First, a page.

Chomet’s animation and character designs are curiously sightly in the way the characters have too much detail (signified by excessive lines) in odd places, such as the wrinkles in the face or the folds in clothing or the creases in hands. Most of them are quite ugly due to the extreme exaggeration in physical distortions, from plump noses placed high on the head, to thinly stretched lips pulled across large teeth, to the incredibly obese, short and stocky, gangly or off-balance. Facial features are always elongated, misplaced, shrunken, or mutilated in hilariously stylized fashions. With the watercolored backgrounds and equally exaggerated body movements, Chomet’s animations are instantly recognizable.

The near nonexistence of dialogue allows the movie to be universally appealing and understandable, with the simplicity of the plot aiding in bringing the character designs to the forefront (so too are the background characters carefully stylized). Some may scoff at the intentional pacing, woeful mood, or the lack of action, but the heartfelt acts of kindness and saddening emotional stresses are beautifully realized. The Illusionist joins The Triplets of Belleville as a stunning masterpiece of illustration, animation, character design and story.…

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Shoah Movie Review

Shoah Movie Review

I am hard pressed to say what Shoah (Hebrew for ‘catastrophe’) is. It is certainly not a movie, nor is it a documentary in the ordinary sense of the word. It is a 900-minute manifesto and testimony. It brings back landscapes of an anti-world, a place that hates life and is mindlessly yet systematically determined to destroy all traces of it. It is a huge monument to the Holocaust, and the footage is a world treasure. We will never meet these people again; they all will soon be or have already died of old age.

The only thing that happens in the ten hours of Shoah are the interviews- words and faces, slow, detached pans of Polish landscapes, trains (lots of trains), towns as they are today, and the extermination camps where the many millions were murdered. But Shoah is not yet another sensational documentary of the Nazi holocaust. It gives us no grim footage of liberated camps or demonizing portraits and footage of brutal Nazi SS leaders. Through intimate interviews with survivors, bystanders, and perpetrators, Shoah first stuns numbs us with its minute detail of everything seen and heard at the time of the transports and as we gradually come to our senses forces us to examine what it means to be human.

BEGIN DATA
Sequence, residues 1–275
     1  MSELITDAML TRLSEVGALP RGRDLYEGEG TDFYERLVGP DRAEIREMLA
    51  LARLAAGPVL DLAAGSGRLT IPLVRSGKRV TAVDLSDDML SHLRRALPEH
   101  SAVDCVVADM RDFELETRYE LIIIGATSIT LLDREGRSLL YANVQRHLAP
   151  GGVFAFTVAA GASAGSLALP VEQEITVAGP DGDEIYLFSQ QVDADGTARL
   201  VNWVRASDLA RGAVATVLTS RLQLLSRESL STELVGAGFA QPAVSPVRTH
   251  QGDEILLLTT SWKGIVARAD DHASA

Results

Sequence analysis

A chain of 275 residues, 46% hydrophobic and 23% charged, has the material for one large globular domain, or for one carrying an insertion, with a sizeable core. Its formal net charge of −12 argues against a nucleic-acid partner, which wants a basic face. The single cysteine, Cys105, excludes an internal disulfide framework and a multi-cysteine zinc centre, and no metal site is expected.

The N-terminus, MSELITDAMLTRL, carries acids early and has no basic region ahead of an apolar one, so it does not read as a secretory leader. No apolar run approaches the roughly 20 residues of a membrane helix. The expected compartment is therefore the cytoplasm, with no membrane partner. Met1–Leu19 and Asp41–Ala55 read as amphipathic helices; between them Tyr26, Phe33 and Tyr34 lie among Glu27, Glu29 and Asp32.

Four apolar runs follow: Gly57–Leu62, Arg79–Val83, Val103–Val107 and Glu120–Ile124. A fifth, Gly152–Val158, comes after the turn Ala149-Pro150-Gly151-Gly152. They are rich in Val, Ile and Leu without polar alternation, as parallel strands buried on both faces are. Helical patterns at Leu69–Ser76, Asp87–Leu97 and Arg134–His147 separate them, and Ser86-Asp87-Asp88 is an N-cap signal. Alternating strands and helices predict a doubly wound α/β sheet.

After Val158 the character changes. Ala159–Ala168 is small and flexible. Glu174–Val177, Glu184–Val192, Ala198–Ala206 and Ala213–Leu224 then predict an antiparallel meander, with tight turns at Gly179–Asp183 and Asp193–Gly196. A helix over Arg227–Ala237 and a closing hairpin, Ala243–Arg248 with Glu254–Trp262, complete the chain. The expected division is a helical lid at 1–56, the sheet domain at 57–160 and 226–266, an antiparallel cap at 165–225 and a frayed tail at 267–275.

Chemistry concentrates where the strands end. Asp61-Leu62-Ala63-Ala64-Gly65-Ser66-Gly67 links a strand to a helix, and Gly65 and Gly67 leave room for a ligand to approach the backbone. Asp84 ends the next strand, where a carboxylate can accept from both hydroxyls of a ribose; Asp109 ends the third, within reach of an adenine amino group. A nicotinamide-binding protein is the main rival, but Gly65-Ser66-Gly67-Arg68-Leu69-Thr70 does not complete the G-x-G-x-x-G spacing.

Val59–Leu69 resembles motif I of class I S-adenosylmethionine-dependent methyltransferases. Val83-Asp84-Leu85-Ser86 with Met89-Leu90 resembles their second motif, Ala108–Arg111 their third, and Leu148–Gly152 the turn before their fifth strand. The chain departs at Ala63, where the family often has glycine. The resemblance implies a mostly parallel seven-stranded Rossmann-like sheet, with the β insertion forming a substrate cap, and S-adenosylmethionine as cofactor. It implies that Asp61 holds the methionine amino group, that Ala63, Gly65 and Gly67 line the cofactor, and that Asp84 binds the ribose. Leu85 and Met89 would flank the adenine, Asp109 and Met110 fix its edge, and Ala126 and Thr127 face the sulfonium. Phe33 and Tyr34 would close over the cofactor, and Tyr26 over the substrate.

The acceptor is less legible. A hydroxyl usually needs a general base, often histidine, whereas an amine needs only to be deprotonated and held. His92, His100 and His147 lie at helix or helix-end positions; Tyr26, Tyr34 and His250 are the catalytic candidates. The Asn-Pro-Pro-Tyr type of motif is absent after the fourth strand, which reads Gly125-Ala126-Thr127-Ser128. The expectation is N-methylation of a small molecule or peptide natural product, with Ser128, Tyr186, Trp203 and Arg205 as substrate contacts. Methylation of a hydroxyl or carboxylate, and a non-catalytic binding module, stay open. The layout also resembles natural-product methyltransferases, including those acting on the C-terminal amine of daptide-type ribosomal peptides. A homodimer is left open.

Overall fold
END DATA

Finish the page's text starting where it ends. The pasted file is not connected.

Shoah does not let the viewer escape without a new and profound sense of not only an evil that has gone beyond human control, but also of the hope that we must carry in our hearts as an eternal torch that we are capable of stopping such things from happening. Shoah is the most heartbreaking accounting of human events that I have ever seen, but seeing it also gives one an imperative passion and duty to seek joy in life, or else there is no point in living. Shoah does not demonize or victimize intentionally; it is like a runaway train out of control. All the faces in Shoah are human, and all demand our compassion, even the SS officers.

Shoah is a mammoth and monumental contribution to the Holocaust Museum, and its interviews are priceless. To say that it goes beyond our conception of human life and behavior just scratches the surface of this profound masterpiece. Shoah is many things at the same time, and if it is dazing it is also reaffirming. If it is bleak and merciless it is also hopeful and kind. It is never apologetic nor is it propagandistic. In the final analysis, to see this film is tough, but it forces a metamorphosis of the mind, and in the end one is left with a strong sense of dignity. This film is one of those very rare pieces that can change one’s life for the better.…